talking the new americana with halsey

We caught up with the singer at this week's Chanel fashion show (front row, obvs).

by Tess Lochanski
11 March 2016, 4:36pm

Nicolette Ashley Frangipane or Halsey is everything that we as Europeans, want from our American pop stars when catch up with her after the latest Chanel show in France. Outspoken, honest and authentic, she's just one of the many musicians who grew up and broke out on the web yet has managed to establish themselves in the big leagues. Her ascent to fame happened quickly too. A million followers on Twitter here, two million followers on Instagram there. And now, at 21, she's already sold over a million copies of her first album Badlands and what's more, she's nowhere near ready to stop. We caught up with New Americana singer to talk France, the States, pop, politics and, of course, Chanel.

Hello Halsey. How did you enjoy the show?
Oh yes I loved it. It's a honour to be here. I've always been attracted to all things Parisian, all things French. And Paris has always been a very cliché but a very childhood dream of mine. So being here at Chanel's show in Paris is like a childhood dream come true… I took French classes for years!

Don't you feel American?
No. And I come to Paris and everyone is so accepting of the way that I like to live. The idea of giving in to your desires. Something about that is very Parisian, I love it. Also, it's such a beautiful place. I think France has a very particular culture. Music is so particular, art is so particular, and France is the epicentre of so many artistic pursuits. Every good genre of music starts in Paris. Fashion starts here. Everything starts here. So to come here and to be accepted by people who are a little bit avant-garde, makes me feel cool. That's like the cool kids in school telling you that you're cool! It's amazing.

Your success was very quick in the US, how make it through the whirlwind?
It was very overwhelming at first. I think it raises a lot of questions. One day you wake up and you go, "Why me?". And you start to overanalyse yourself a little bit. You start to get really introspective, reading into everything you're doing, asking yourself, "What is it that I do that's making this work, because, God I don't want it to stop!". You start wondering what you've done to propel your success so that you can do more of it. The problem is, when you start over analysing and looking for the thing that makes you successful, you lose the thing that makes you successful in the first place.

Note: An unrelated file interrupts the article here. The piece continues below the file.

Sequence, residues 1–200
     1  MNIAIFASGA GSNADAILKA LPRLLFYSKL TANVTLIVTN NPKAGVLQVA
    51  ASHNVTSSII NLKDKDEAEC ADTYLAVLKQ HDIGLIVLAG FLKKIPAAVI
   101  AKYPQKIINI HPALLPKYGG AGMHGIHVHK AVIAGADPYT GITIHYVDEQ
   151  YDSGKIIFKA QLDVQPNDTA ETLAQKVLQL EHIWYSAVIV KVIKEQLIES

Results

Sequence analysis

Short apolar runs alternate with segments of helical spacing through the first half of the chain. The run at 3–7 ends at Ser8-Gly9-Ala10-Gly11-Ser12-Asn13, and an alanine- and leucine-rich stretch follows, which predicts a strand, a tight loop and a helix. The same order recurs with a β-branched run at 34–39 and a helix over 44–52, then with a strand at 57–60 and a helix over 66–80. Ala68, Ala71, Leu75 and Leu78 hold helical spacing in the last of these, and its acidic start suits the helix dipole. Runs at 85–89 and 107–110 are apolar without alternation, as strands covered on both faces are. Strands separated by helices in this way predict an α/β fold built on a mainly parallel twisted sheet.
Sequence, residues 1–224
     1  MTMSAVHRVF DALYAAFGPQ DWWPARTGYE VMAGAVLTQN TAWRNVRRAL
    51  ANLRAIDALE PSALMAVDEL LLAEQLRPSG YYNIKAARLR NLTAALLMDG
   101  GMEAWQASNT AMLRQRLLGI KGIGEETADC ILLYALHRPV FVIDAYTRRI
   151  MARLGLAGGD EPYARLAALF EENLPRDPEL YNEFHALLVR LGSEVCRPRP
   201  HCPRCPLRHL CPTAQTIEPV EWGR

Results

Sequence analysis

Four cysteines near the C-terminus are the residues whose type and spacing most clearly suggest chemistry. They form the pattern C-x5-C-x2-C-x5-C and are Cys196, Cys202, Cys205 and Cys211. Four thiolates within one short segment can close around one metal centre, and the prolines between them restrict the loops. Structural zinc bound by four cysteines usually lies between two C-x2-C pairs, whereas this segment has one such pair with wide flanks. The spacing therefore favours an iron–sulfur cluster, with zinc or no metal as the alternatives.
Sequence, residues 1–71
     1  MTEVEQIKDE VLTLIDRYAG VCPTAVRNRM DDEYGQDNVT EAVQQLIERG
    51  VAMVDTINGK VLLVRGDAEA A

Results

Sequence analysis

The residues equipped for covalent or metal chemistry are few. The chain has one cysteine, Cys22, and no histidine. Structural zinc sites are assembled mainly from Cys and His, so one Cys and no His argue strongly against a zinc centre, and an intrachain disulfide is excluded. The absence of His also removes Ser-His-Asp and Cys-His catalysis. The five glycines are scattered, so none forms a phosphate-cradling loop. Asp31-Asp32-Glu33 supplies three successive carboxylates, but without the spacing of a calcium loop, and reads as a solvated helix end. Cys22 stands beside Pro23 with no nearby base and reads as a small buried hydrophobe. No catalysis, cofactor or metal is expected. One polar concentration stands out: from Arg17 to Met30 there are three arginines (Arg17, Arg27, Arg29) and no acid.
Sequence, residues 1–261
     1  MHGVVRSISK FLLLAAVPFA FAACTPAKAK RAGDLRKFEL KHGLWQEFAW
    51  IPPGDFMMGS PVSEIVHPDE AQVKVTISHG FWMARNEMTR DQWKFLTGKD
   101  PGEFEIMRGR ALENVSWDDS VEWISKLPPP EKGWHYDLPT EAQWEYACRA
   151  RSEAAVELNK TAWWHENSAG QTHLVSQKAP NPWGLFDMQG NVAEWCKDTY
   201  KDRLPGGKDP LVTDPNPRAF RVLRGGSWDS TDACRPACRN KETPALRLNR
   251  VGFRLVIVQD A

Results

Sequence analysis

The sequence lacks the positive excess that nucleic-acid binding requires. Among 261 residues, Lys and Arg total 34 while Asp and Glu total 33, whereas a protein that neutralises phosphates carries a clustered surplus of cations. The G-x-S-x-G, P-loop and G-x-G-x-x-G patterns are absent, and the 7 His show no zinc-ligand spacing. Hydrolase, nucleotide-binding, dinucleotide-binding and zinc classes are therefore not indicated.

Did you always want success?
I think that when I first started out I thought success was a place, and success was somewhere you got to. Now I'm starting to realise success is more of a mentality because, once you're really successful, you realise you'll never be successful enough. You'll keep pursuing it. And for success to be a state of mind rather than a destination, a place that you reach, a finality, it's more rewarding. Because the pursuit is the whole reason you make anything artistic, so you can keep evolving, keep bettering yourself, improving. I just want to play at the Superbowl! Just kidding.

How old are you?
I'm 21.

So you grew up with the internet. How did do you think it helped develop your taste?
I think that I owe my career to the internet, because it created this platform where kids can curate their own tastes in anything. Like, I know there are 16-year-old kids on their laptop right now, watching the show, trying to see what everybody's wearing, trying to be up to date, appreciating fashion as an art rather than something that's consumer based. When I was 16 I didn't know anything about fashion, I didn't know anything about the art, the rules, the energy, the ecosystem that is fashion. And these 16 years old kids are watching right know because they care about the signs behind it. My music exists on Spotify, on Pandora, on places where kids can discover it on their own, decide if they like it for themselves. And it's funny how that relates to fashion, because when you discover something on your own, make it something that you love, it becomes a trend. And music is very much the same. When people discover something that they love, they are proud to love it and it becomes a trend.